Williamstown school officials and the superintendent of School Union 71 say they were surprised at discussion in Lanesborough about dissolving the union.
Update at 12:22 a.m., Jan. 15, with comments from Lanesborough School Committee member and School Union Chairwoman Regina Dilego.
WILLIAMSTOWN, Mass. — A proposal by the Lanesborough School Committee chairman to look at breaking up School Union 71 has caught Williamstown and school officials in his own town off-guard.
At Monday's Lanesborough Selectmen's
meeting, Robert Barton asked for and received $1,000 to survey town residents about whether they wanted to continue in the union along with Williamstown.
Lanesborough School Committee member Regina Dilego, currently chairman of the union committee, said Barton is acting on his own.
"I am very alarmed that our chair has used his position to create the false impression that the Lanesborough School Committee is planning action which it has never discussed," she wrote in an email late Tuesday night. The school union, she said, "has been a positive and co-operative experience."
Dilego said she wanted it to be clear that Barton was acting on his own.
The elementary schools in the two towns share the cost of administrative services through the superintendency union.
Barton, who plans the survey to look into whether the town wants to continue the arrangement, serves on the School Union 71 Committee along with Dilego and one other Lanesborough committee member and three members of the Williamstown School Committee.
On Tuesday, the chairman of the Mount Greylock Regional School Committee explained that either town could, in theory, dissolve the union, but that decision would not change the regional agreement that unites the two towns for the education of students in Grades 7-12.
"Lanesborough could pull out of Union 71 and stay in the Mount Greylock Regional School District," Carolyn Greene said. "The union vote is done at the School Committee level. Union 71 has its next meeting on Feb. 16. They just need a majority vote of the membership to dissolve the union.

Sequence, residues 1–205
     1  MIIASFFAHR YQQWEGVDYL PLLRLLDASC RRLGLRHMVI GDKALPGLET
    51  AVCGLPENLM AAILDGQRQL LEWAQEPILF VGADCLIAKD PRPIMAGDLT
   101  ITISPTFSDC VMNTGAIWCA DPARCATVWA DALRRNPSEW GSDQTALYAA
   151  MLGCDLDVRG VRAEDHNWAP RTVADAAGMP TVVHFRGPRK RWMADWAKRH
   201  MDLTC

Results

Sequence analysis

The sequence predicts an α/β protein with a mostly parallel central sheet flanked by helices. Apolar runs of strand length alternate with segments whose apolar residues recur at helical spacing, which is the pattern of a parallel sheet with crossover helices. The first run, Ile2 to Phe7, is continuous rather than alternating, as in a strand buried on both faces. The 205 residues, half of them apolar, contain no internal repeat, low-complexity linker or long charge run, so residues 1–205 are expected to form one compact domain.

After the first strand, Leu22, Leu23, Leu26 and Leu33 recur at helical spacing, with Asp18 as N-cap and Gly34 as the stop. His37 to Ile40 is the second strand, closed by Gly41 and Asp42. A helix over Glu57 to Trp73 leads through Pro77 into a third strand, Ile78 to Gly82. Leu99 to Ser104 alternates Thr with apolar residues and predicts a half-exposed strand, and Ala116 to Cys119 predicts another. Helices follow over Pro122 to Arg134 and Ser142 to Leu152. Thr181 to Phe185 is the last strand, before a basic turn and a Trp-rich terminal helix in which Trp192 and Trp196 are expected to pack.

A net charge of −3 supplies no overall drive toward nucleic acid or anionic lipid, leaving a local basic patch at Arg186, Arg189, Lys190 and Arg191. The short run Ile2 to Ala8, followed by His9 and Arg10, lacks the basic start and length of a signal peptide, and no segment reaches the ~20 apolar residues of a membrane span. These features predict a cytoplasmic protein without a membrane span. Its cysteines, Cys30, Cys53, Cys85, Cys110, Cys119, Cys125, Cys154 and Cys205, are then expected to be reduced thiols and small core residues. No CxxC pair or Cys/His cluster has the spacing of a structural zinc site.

"Withdrawal from the region is a much bigger deal. It requires town meeting votes in both towns and approval from [the Department of Elementary and Secondary Education]. Mr. Barton is certainly interested in exploring withdrawal of Lanesborough from the Mount Greylock Regional School District and has stated such in an email to me."
Greene agreed that breaking up Union 71 could be a first step in that process.
"Dissolving the union could be a step toward withdrawing from the region or it could be a stand-alone move," she said. "DESE often refuses to let towns recede from existing regions, so breaking the region will not be an easy thing to do.
"In like manner, when Mount Greylock joined with Union 71 to form the tri-district administration several years ago, that could have been a step toward expanding the region (to a prek-12), or it could remain a stand-alone move. Should we need to dissolve the agreement between Union 71 and Mount Greylock (if Union 71 dissolves, for instance), Mount Greylock and WES would have the option of continuing to share a central administration."
The head of that central administration said Tuesday she was blindsided by Monday's vote.
I was shocked ... I had not heard anything about that from them.
— Valerie Hall, WES chairman